South Africa

Maverick Citizen: Ocean View

Cape Town’s killing fields: Communities united in sorrow and rage 

Cape Town’s killing fields: Communities united in sorrow and rage 
Emaan's grandfather Ronald Solomons (Right) plants a cross with the help of a resident. (Photo: Vincent Cruywagen)

The 60 crosses at the entrance to Ocean View in Cape Town are a stark reminder of the bloodshed caused by gang-related violence on the Peninsula. They also illustrate the profound call of the community for the daily carnage to stop.

The death of seven-year-old Emaan Solomons, struck by a stray bullet while playing outside her home in Ocean View on 27 February 2020, has brought together a disparate group of communities united in grief and rage.

This was evident as residents from Scarborough and Kommetjie attended a vigil held on Sunday, 1 March, in a park in Ocean View.

A good samaritan donated 60 white crosses to the families of victims killed in the violence that has gripped the area over the past 10 years to make visible those who all too often get lost after the headlines have faded.

Emaan’s grandfather Ronald Solomons (Photo: Vincent Cruywagen)

Emaan’s grandfather Ronald Solomons hammered a cross bearing his granddaughter’s name into the hard gravel surface while many who attended the memorial service shed tears.

The 60 crosses at the Ocean View entrance are a stark reminder of the bloodshed caused by gang-related violence across Cape Town. They also illustrate the profound call of the community for the carnage and killing of women and children to stop.

One of the 60 remembered was Rhonwyn Truters, 24, killed on August 9, 2010. Her son Jason was two years old when his mother was killed and at the weekend, with the support of his adoptive father, Cedric Cotton, he carried a cross honouring his mother.

Reez Pavel, brainchild of the Ocean View Peace Initiative which includes neighbouring communities. (Photo: Vincent Cruywagen)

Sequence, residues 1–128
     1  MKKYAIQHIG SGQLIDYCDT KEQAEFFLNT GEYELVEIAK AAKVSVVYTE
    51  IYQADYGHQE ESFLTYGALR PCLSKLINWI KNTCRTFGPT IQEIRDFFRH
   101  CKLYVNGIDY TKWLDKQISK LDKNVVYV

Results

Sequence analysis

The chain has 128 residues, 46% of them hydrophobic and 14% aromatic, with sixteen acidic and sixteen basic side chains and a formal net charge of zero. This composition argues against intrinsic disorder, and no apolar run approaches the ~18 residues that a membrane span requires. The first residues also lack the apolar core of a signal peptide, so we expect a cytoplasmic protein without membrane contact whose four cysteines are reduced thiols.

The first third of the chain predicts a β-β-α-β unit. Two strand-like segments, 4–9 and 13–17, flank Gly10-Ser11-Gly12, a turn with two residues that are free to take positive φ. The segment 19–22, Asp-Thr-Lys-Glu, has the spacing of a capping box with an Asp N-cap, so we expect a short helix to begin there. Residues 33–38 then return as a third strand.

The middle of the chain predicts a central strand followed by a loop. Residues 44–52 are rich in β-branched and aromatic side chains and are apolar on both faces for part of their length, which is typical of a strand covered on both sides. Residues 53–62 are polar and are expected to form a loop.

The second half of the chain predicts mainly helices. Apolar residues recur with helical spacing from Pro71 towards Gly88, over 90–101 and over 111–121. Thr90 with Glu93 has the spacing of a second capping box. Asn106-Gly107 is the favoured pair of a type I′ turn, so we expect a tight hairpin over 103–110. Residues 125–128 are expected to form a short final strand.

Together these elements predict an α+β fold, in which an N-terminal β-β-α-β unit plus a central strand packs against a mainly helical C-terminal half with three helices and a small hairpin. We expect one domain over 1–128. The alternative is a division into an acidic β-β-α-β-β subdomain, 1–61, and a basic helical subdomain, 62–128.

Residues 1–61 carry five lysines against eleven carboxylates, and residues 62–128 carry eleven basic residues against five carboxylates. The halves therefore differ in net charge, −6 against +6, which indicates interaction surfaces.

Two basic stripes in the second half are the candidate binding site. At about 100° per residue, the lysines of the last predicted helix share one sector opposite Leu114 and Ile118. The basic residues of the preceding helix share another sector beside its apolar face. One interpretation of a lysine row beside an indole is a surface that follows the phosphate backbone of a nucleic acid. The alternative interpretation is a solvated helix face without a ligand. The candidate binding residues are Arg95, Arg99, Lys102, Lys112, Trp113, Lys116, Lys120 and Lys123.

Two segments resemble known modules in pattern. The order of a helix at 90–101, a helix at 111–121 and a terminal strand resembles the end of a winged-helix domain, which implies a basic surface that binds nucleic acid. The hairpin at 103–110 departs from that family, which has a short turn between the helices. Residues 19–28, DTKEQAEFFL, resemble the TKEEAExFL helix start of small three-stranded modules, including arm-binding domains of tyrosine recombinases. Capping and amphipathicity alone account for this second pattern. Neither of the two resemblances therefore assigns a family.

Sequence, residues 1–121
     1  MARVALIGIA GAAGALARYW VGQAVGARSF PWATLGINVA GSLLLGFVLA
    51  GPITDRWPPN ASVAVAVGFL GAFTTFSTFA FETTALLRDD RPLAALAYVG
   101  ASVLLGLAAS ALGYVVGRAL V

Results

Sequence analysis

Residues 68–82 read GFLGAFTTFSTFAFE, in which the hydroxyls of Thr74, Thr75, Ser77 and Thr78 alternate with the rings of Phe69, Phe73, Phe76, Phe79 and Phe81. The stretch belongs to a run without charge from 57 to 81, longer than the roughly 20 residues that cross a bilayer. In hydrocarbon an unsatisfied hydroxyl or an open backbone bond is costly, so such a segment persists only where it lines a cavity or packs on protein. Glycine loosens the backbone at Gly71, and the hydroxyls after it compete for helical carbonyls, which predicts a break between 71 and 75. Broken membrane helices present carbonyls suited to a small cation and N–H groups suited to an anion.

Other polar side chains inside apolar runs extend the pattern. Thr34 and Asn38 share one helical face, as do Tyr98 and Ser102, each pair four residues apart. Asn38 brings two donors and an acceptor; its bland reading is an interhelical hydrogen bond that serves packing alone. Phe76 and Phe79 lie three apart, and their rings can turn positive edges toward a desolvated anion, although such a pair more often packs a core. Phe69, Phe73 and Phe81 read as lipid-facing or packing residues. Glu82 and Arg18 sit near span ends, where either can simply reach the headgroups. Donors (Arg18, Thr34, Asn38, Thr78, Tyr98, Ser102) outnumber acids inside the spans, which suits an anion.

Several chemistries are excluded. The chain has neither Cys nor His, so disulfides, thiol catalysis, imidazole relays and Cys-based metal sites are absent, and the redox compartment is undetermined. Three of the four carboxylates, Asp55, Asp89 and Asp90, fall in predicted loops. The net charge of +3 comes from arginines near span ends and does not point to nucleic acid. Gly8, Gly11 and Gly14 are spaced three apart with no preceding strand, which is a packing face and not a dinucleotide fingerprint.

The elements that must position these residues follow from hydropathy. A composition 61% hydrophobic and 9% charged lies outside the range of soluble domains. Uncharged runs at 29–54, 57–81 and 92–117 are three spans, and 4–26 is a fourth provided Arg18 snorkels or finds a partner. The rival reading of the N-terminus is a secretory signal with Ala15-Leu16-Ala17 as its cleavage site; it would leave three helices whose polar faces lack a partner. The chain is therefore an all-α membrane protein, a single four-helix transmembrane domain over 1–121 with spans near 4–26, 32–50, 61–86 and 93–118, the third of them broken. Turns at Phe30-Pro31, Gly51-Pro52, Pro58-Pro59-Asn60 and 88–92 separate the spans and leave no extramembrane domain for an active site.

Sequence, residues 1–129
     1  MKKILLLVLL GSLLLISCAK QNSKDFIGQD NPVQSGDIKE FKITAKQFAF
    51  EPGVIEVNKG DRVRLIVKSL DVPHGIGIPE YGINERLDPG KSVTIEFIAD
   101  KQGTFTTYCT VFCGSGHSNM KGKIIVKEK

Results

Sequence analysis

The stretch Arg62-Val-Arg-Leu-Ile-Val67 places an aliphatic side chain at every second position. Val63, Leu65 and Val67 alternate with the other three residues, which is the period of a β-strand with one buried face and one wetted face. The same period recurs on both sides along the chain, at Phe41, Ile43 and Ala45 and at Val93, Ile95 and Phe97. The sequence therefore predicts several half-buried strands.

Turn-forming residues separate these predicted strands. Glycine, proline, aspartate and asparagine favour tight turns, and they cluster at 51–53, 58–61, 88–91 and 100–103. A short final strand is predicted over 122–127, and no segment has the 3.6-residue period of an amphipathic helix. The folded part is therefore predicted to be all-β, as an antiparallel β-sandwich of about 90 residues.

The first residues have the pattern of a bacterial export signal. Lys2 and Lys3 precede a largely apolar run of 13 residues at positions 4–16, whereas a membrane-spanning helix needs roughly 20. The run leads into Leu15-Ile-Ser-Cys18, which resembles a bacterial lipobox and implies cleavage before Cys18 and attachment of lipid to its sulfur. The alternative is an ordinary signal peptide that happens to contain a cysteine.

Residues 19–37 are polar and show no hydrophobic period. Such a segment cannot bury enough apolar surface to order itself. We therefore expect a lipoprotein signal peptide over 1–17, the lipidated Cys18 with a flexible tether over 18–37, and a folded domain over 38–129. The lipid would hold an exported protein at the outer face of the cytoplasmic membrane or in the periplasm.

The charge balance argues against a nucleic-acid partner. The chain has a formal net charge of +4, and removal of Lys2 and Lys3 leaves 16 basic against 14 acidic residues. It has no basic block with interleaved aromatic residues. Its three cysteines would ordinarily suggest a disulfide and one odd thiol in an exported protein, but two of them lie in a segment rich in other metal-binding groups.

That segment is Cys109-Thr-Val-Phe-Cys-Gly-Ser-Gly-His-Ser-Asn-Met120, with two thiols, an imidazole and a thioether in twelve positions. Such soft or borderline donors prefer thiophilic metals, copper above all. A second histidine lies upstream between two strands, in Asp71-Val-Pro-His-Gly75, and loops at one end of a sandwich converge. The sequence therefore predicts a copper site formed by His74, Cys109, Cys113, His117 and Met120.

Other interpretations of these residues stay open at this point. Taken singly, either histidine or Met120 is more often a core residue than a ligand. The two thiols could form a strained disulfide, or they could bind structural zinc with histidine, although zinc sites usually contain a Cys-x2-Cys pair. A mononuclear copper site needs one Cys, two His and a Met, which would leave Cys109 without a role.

Reez Pagel, 22, who launched the initiative, said she was endeavouring to turn a tragedy into an opportunity for activism and healing. Pagel, a peace activist who grew up in the area, said what happened to Emaan could have happened to anyone.

“It breaks my heart to see that I have to raise my kids in this community, but at the same time I don’t see a reason for me to go away from my community. This is where I was raised and I know that if I can bring a positive change, and if not, why not,” said Pagel.

She said the purpose of the initiative was to foster peace in the area and to solidify relationships with neighbouring communities.

“I think by starting something like this it wasn’t just for me and my family but for those who couldn’t speak for themselves. Children who cannot speak for themselves. I know this might not change much but I’m going to do as much as I can for my community.”

Remembering Emaan Solomons and 60 others killed in the past 10 years. (Photo: Vincent Cruywagen)

Emaan was killed when she was hit by a stray bullet following a shoot-out between rival gangs.

All she did “wrong” was play like any child should be able to, in front of her family home. Shortly after the murder, a vigilante group set alight at least four houses believed to belong to drug merchants.

Struggling to hold back his tears, Emaan’s granddad Ronald Solomons said: “I’m very happy with what I have witnessed taking place in our area. I’m glad her death has united residents. This is the start of much greater things that will take place in our community.

“Residents of Ocean View should now pray and work together in collaboration with the police and all other role-players to solve crime in our area.”

Residents added their hope that this peace initiative would restore the tranquility that once prevailed in Ocean View.

Community Policing Forum chairperson Kathy Cronje said one main gang was involved in a turf war with splinter groups.

She believes that if residents of Ocean View, Scarborough and Kommetjie pool resources, much more can be achieved in terms of combating crime and drugs, as Ocean View cannot fight this battle on its own.

“I’m hoping this is the start of much bigger things to take shape. Communities have tried everything and let’s hope this initiative has the desired effect.”

On Sunday, thousands of riders participating in the 42nd edition of the Cape Town Cycle Tour will see residents with banners calling for an end to gang violence and drugs in Ocean View, Scarborough and Kommetjie along the route. Cronje said they want the messages to be seen on television nationwide.

Meanwhile, two suspects, Eben Basson and Chivargo Fredericks, were arrested in connection with the murder and made a brief appearance in the Simon’s Town Magistrate’s Court on counts of murder and attempted murder. They are due to be back in court on Friday (March 6) for a bail application. MC

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